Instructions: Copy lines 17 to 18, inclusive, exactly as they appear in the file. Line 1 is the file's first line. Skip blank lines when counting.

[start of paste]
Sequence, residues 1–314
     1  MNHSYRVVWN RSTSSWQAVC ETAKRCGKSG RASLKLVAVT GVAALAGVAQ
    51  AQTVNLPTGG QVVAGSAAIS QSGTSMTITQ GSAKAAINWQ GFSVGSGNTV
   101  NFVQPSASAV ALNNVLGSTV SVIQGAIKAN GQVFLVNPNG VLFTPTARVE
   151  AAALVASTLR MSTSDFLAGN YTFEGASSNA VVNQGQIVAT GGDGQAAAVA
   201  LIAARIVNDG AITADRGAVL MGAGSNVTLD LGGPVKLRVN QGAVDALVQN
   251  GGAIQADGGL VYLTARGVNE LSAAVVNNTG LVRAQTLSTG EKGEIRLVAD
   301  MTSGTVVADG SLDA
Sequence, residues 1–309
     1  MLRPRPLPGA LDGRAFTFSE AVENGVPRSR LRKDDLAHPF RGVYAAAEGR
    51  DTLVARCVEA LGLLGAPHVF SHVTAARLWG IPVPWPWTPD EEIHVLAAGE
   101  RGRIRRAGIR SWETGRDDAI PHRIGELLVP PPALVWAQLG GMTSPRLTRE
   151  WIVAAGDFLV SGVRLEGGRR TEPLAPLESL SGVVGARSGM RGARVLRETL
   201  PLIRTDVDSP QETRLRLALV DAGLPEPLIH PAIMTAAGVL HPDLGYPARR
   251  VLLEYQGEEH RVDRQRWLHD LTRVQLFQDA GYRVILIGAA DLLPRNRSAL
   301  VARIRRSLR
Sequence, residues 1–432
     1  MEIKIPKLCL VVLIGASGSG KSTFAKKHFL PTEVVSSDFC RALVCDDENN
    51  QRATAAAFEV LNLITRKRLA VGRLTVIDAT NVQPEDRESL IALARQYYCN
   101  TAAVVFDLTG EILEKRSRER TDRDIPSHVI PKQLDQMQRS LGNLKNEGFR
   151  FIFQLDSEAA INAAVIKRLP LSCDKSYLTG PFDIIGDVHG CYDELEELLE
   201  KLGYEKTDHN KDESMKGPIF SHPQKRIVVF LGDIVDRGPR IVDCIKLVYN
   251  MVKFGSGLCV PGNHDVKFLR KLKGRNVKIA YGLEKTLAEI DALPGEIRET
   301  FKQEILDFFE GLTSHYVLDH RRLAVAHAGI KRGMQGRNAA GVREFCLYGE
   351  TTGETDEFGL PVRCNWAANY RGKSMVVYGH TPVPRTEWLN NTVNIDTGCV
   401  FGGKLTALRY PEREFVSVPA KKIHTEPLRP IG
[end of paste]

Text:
Sequence, residues 1–432
     1  MEIKIPKLCL VVLIGASGSG KSTFAKKHFL PTEVVSSDFC RALVCDDENN